But the same siege that created a situation of widespread fuel shortages and power blackouts also had the effect of rendering the water pumps ineffective for the large parts of the day when Gaza's electricity network goes dead.

Among other victims of the siege is the Gaza port, which took a severe beating in the storm. Gaza officials announced Monday that the port and the fisherman’s dock, which sustains the families of 1,000 local fishermen, had suffered $100,000 in damage over the last four days.

The reason for this tremendous damage, officials argue, is that port officials were unable to secure the facility with enough barriers as Israel severely limits the import of concrete.

"Without drastic action the daily lives of Palestinians in Gaza will soon be dramatically worse than they are now. There will be virtually no reliable access to safe drinking water, standards of healthcare and education will have continued to decline, and the vision of affordable and reliable electricity for all will have become a distant memory," a 2013 UNRWA report entitled “Gaza 2020” predicted.

As large swathes of Gaza remain flooded and the Israeli blockade continues with no end in sight, it would appear that this dystopian vision of the future has already come to pass.

Gaza will weather this storm, as it has every storm and assault before in its long history. But as long as the Israeli siege persists, meaningful repair and development will remain impossible.
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1 ) Outlier / USA
17/12/2013 02:25
Hamas spent money on missiles and mortars, but not on infrastructure. Decisions have consequences. If Hamas keeps making bad ones, Gazans will need to get used to such "disasters."

2 ) wellwish / Ausralia
17/12/2013 06:01
Get rid of Hamas - it will help

3 ) Robby / USA
17/12/2013 06:04
What a pathetic joke. Not a single mention of Egypt and zero blame on HAMAS.

4 ) Todd / Canada
17/12/2013 06:47
Hamas had enough concrete to build the terror tunnel to Israel, maybe they could have save some of that and used it to build a proper dock instead. It's Hamas fault for not being ready for its people

5 ) Adam / Israel
17/12/2013 07:23
"You don't have to be a rocket scientist to figure out who is responsible..." Interesting choice of words my friend :-)

6 ) bob / uk
17/12/2013 11:26
always fills my day with mirth to read comments by the pro-zionist ignoramuses around the 'free' world. if self-delusion makes you feel good, then way to go, revel in it. you're quickly losing the battle for hearts and (critically) minds, though. justice and truth will prevail. i'm no admirer of hamas or the egyptian authorities, but they're not the root cause of the injustice. let the vast majority of the refugees who've been in gaza for decades return to their homes, for a start. would you acc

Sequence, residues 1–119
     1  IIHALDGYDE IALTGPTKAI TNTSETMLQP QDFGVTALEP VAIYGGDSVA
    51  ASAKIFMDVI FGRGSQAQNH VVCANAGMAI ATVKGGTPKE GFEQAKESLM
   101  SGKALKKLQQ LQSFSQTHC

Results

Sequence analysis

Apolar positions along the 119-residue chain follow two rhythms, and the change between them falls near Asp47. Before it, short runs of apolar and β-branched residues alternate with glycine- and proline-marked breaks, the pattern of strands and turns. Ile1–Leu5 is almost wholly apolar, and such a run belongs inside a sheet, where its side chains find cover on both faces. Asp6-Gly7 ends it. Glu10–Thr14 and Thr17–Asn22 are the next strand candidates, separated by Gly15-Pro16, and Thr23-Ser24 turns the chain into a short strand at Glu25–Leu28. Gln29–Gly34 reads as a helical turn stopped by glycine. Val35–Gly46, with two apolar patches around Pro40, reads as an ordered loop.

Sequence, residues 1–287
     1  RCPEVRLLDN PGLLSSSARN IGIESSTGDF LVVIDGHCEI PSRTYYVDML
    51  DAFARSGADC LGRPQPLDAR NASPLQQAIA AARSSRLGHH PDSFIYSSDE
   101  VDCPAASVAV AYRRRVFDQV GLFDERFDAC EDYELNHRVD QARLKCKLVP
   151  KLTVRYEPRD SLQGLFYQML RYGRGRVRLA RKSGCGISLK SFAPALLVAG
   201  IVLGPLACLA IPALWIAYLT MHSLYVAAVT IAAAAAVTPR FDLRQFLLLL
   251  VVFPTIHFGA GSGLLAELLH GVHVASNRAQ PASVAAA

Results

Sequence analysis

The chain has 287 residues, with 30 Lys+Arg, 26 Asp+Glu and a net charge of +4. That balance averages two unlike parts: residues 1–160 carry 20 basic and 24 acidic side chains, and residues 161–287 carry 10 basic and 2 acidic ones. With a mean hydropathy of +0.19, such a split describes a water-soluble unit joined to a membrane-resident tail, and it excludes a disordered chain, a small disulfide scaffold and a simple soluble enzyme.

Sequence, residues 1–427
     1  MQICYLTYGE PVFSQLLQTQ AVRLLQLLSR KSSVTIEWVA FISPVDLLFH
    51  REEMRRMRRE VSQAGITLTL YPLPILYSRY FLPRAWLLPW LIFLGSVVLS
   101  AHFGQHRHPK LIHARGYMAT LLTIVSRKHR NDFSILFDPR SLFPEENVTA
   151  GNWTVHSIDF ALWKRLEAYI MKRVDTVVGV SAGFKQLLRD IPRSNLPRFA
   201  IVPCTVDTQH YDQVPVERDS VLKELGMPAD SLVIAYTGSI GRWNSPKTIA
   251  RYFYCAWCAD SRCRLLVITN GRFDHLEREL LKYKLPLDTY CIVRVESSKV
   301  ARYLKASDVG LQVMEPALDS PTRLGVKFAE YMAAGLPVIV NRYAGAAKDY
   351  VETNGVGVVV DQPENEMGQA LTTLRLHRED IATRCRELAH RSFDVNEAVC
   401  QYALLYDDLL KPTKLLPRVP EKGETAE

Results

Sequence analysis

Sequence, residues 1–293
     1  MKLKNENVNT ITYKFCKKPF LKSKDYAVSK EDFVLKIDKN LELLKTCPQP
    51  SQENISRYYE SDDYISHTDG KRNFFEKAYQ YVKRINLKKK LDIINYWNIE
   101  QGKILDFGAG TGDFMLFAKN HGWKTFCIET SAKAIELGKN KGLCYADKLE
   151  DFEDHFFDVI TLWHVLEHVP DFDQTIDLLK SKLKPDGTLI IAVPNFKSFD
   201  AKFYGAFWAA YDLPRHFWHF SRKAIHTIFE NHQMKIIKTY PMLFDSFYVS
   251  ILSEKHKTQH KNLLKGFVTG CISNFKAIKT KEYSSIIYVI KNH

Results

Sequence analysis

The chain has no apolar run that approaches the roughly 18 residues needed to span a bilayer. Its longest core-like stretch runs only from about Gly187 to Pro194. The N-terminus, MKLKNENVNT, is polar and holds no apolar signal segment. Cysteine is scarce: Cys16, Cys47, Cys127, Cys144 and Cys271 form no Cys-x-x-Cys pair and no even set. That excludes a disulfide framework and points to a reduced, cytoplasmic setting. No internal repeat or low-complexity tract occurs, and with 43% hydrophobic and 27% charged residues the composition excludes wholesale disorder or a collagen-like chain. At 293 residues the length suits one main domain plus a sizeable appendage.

7 ) F Callen / UK
17/12/2013 13:03
Bob UK, you want another civil war between Arabs and Jews? You think maybe the Arabs will get lucky this time?

8 ) Colin Wright / USA
17/12/2013 13:12
Even an anti-Zionist such as I am rendered speechless by this article as, once again, as is Maan's nature, to publish an article which solely blames Israel for the social and environmental discords in Gaza. It's perfectly evident that the Hamas led government does not have, nor ever has had, the needs and best interests of the people which it governs as a priority or even as a tertiary interest. Let's be honest, Maan, your anti-Israeli articles even defy the logic of readers like me.

9 ) Jeff / USA
17/12/2013 14:20
Tell Gazans to get rid of Hamas, quit lobbing mortars at Israel and see how much and how quickly their lives improve. You forget that they bring this on themselves by not just laying down their arms and living peacefully beside Israel instead of trying to destroy them, which they will never accomplish, by the way.

10 ) MiMi / Kabul
17/12/2013 14:22
Note where all the anti Hamas/anti Egypt/anti Palestinian/pro Zionist commenst come from. The usual 'we rule the world, so bow down to us' places. Thank you 'Bob - UK' for bringing some sense to this debate. We love the UK in our country, not so keen on the good old US of A though. Most human made disasters are caused by the USA!!! Worse thing ever created by humans was America :(

11 ) Too much / Canada
17/12/2013 15:29
Haha ridiculous ... You guts are making a mockery of Palestinians blaming sun and the moon on Israel.

12 ) Mo / Canada
17/12/2013 20:05
The reason everyone is ridiculing this article is because the whole point of this article is saying that Gaza NEEDS Israel to allow it to import and export and trade. Truth is Hamas has said over and over again "We don't NEED or WANT Israel to help at all, they are the enemy, we will use Egypt!" So now that Egypt has turned it's back also on Gaza, as they also accuse them of state terrorism, who do we blame? Israel?! That's silly and wrong and plain racist against Israel. Sorry, we're not stupid

13 ) Carlos / usa
17/12/2013 23:02
israel is terror murder and thievery. I am very proud not to be an israeli!

14 ) Eldude / Espana
17/12/2013 23:32
Hamas has squandered millions if not billions of aid money which should have been spent on infrastructure.

15 ) Colin Wright / USA
18/12/2013 00:10